I had to go through a mourning process and lots of therapy to come to terms with the idea of using another woman’s eggs and of my potential child not having my DNA. Would I be able to bond with this child? Would they one day reject me as not being their “real mom”? I was ashamed and embarrassed. I felt like I wasn’t a real woman. I offered to help my husband find a better, proper wife. He wasn’t impressed with that suggestion at all.

We looked for a donor who looked like me. Who had my hair colour and eye colour. Someone we felt a connection with. I armed myself with information and made learning everything I could about this condition and process my new mission in life. I embraced it. We jumped in and then… that first cycle didn’t work. And neither did the next 5 that we did in the following 3 years with different donors. It started mattering less and less to me what the donors looked like. I just wanted it to work.

I always hated it when people said that it would “happen in God’s time”. If someone would just tell me when that time would be then I could get on with my life until that time arrived. And I started hating the word ‘just’. ‘Just’ adopt, ‘just’ use a surrogate, ‘just’ relax.

At the beginning of 2014 we decided we’d do one more cycle at our fertility clinic and then decide whether to try a cycle at a different clinic (one of those things that seemed to eventually do the trick for others) or give up on our dream of parenthood. We had really reached the end of our tether. I had no more energy left. The depression was literally killing me. That last cycle we did things a little differently. We decided to spend the two week wait for the results on holiday at the coast with our dogs rather than trying to stay busy at work. I like to joke that I went on holiday and came back pregnant like everyone said I should do. Throwing caution to the wind, five days after our transfer I even flew back up to Johannesburg and back to the coast in one day to go to my grandmother’s funeral. I also like to think that the pressure on the plane made the embryo stick.

So, yes, eventually on our seventh IVF using donor eggs we got pregnant and today we have the most adorable, feisty, talkative, gorgeous 3 year old daughter. And you know what, it doesn’t matter one iota to me that she doesn’t have my DNA. DNA isn’t what makes a family. I like something my mother said one day after my daughter was born. If any of those other 6 cycles had worked, we wouldn’t have had her. Yes, we might have had someone else, but not her and I cannot imagine my life without her. It now feels like we were meant to be together. Infertility and fertility treatment is no walk in the park and it costs a fortune, but in the end the journey was worth every cent we spent and every tear we shed. I would forever be grateful to our donor, whoever she is and wherever she is, for the enormous gift she has given us. She didn’t just give us an egg. She gave us a lifetime of memories and firsts. First birthday, first tooth, first laugh, first steps, first words, first “I love you, mommy”, first day of school, first three year old tantrum and all the other normal things that go with parenting.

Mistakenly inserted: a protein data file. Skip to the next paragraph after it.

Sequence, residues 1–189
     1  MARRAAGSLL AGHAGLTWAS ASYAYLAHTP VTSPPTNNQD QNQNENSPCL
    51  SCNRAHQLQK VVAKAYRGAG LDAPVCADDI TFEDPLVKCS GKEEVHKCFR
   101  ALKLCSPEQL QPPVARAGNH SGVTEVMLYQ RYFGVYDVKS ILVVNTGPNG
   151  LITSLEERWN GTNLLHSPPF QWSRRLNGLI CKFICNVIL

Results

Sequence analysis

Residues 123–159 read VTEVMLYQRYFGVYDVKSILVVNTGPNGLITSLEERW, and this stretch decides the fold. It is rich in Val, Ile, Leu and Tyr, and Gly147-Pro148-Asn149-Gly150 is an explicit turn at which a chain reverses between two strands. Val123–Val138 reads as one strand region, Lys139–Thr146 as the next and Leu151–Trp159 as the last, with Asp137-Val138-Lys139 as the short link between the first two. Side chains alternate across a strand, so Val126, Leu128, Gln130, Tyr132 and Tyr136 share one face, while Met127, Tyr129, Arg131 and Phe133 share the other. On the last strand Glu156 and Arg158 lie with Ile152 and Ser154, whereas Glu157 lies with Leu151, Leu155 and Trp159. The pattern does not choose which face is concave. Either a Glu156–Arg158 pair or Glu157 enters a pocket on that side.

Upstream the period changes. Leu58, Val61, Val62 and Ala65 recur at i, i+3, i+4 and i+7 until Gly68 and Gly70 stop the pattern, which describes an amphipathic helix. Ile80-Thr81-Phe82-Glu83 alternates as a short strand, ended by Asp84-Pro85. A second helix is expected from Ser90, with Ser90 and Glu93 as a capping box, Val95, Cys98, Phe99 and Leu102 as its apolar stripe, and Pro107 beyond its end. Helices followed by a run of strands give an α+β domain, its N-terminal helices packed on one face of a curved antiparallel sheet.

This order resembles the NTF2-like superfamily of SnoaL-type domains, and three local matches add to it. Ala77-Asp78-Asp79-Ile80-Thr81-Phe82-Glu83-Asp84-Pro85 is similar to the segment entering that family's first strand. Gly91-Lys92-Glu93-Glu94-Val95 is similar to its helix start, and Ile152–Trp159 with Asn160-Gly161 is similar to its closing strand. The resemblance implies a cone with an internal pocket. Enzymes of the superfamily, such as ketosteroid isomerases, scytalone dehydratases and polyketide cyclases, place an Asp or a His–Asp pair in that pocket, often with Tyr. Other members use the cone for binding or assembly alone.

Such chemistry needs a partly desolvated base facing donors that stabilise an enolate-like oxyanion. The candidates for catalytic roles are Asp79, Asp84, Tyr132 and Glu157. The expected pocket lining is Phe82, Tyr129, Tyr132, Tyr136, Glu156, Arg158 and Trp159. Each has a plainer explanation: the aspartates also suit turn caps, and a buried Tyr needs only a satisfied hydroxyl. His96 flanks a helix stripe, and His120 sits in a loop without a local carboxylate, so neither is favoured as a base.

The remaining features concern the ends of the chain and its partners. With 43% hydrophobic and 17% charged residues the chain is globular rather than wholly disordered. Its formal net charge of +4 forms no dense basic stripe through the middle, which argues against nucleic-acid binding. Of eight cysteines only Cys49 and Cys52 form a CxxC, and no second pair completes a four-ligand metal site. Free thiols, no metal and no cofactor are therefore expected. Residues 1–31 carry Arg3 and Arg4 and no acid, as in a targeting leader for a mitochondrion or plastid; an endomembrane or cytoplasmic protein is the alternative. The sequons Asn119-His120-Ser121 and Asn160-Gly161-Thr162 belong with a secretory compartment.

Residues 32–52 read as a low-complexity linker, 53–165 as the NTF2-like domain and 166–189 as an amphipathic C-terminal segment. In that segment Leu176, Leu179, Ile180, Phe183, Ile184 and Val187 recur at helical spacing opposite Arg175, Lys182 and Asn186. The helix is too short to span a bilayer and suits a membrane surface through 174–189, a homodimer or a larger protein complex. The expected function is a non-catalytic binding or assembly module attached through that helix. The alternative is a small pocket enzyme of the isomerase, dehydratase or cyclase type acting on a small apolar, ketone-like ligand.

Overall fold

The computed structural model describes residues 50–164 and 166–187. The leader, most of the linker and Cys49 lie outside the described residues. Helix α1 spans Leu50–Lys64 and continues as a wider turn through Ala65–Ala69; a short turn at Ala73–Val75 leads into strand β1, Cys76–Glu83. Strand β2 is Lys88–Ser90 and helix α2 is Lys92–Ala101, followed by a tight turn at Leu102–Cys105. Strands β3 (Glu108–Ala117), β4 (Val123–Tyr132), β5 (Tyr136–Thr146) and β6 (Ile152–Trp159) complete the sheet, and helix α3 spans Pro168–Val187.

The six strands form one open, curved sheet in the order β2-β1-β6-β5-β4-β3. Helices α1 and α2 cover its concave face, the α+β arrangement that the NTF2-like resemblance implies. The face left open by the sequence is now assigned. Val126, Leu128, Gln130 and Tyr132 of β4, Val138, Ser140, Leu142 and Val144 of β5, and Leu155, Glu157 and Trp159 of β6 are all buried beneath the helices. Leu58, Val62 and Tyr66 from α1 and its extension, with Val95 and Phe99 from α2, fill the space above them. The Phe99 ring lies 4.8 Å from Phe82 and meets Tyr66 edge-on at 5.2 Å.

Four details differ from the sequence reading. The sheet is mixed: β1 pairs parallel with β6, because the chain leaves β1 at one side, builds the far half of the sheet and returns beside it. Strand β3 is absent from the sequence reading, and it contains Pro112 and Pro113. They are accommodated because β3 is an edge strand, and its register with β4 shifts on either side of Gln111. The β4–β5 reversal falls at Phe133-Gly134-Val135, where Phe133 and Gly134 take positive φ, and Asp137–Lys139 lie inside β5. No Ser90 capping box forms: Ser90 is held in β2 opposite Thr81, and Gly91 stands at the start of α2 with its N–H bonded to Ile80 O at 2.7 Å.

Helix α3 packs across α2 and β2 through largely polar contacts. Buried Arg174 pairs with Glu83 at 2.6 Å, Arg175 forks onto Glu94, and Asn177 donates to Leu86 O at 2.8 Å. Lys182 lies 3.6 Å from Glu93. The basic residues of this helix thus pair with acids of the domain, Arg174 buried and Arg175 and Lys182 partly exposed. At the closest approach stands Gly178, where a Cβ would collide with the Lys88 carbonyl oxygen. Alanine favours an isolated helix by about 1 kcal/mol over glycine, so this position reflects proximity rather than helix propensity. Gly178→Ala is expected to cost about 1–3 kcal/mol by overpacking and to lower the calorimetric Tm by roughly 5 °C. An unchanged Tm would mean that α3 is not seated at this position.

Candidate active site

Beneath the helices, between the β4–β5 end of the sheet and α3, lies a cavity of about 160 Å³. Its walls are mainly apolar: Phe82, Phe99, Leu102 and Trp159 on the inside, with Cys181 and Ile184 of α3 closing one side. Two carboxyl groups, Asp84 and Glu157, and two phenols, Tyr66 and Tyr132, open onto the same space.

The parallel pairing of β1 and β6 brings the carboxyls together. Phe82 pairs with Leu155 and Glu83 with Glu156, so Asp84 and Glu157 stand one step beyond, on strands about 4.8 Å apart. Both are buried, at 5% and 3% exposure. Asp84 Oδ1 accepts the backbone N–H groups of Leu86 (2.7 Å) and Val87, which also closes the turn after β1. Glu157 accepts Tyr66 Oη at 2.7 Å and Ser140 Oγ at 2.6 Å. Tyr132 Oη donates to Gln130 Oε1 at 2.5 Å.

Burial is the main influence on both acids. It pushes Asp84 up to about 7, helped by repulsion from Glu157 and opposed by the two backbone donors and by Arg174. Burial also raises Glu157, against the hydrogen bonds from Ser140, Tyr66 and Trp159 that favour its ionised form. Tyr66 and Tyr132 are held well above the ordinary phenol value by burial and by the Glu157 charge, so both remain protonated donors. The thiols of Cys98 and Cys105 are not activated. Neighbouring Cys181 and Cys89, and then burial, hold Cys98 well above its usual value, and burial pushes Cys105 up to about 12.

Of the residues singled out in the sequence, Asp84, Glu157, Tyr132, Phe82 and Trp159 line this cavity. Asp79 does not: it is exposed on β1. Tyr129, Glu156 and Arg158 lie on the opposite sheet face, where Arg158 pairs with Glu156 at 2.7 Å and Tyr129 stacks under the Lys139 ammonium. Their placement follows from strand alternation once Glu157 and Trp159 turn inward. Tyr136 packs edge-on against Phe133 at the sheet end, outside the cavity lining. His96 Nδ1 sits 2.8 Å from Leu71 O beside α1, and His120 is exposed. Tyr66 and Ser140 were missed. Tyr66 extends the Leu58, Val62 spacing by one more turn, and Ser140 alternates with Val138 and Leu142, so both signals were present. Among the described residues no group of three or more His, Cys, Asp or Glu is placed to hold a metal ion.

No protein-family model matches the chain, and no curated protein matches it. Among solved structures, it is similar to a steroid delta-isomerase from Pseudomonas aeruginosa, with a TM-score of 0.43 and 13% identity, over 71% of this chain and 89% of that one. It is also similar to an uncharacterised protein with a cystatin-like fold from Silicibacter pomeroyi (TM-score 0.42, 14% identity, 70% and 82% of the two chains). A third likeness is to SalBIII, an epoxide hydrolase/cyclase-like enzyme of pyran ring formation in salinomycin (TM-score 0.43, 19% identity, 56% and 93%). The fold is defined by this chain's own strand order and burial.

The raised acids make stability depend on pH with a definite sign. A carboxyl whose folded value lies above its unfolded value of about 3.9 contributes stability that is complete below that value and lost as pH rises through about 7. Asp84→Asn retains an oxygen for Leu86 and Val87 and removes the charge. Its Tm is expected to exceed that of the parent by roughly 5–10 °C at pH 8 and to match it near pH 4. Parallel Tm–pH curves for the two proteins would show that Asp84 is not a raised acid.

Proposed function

Comments (1)

  • Avatar

    nicole botes

    |

    Susan. my heart broke reading this. ive met you a few times and exchanged a few words but didnt know your personal journey. somehow you have been on my mind lately, ive been meaning to ask you for coffee and i dont have your number (i broke my phone! arg!) but your journey, however difficult, is inspiring and i hope to one day also have my little person who can give us all of our firsts. so much love to you xx nicole ps coffee!

    Reply

Leave a comment

Get the IFAASA newsletter.